Coughton Court is a lovely old stately home. It has elegantly furnished rooms, and manicured gardens. There are treasures there in abundance. From a chair made from the wood of the bed Richard III slept in on the night before the battle of Bosworth Field, to a priest’s robe purportedly made by Catherine of Aragon, via a tapestry detailing the locations of all the noble gentlemen held prisoner for the crime of being Catholic in the reign of Elizabeth I.
What interested the children the most was the wax model of Sir Walter Raleigh’s head, sitting in a bag on a chair in the drawing room. Mr 5 took some persuading to touch it to see that it wasn’t real! The main giveaway was the hair which has gone the way of beloved Barbie dolls the world over.
So far, so typical for National Trust stately homes.
Snowshill manor is a different kettle of fish entirely.
Charles Paget Wade owned Snowshill Manor. I am sure that if he lived today, and was not wealthy from the inheritance of a sugar plantation in the West Indies, he’d be appearing on The Hoarder Next Door. He had the luxury of being able to afford beautiful objects, and a manor in which to house them, while he chose to live in a little cottage in the grounds.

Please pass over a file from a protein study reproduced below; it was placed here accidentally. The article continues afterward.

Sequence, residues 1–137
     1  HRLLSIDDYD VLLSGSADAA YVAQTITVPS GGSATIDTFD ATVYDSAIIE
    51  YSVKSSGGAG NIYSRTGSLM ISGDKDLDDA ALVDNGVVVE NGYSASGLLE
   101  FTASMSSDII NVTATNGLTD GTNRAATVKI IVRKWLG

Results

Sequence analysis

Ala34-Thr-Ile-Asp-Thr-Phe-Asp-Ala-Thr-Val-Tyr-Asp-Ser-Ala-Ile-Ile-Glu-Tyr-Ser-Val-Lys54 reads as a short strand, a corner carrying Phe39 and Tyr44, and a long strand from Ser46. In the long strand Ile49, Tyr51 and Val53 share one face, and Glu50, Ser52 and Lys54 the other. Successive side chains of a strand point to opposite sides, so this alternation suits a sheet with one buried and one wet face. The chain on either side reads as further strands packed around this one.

We knew nothing of this, and weren’t prepared for what was inside the house, expecting another elegantly furnished home, much like others we have seen. We weren’t expecting a room full of models in Samurai armour. Or the room full of spinning wheels. Or the attic being crammed with bicycles and pushchairs. If you like Chinese cabinets, there are quite a few. Old locks and keys? Yes. Mandolins? Clocks? Looms? Moroccan style lampshades? Javanese masks? Perhaps beetles with iridescent shells in glass jars is more your thing.
The girls loved the exquisite dolls houses with perfect miniature furniture, made to match real rooms. Mr PC liked the inner workings of the Armada chest. I don’t think I could pick a favourite item. It was rather overwhelming, seeing it all in one go, at the rate of the most impatient child. It’s a place you would definitely want to go back to repeatedly, to focus on one small area, rather than trying to absorb the whole. It is an amazing collection. Well worth a visit.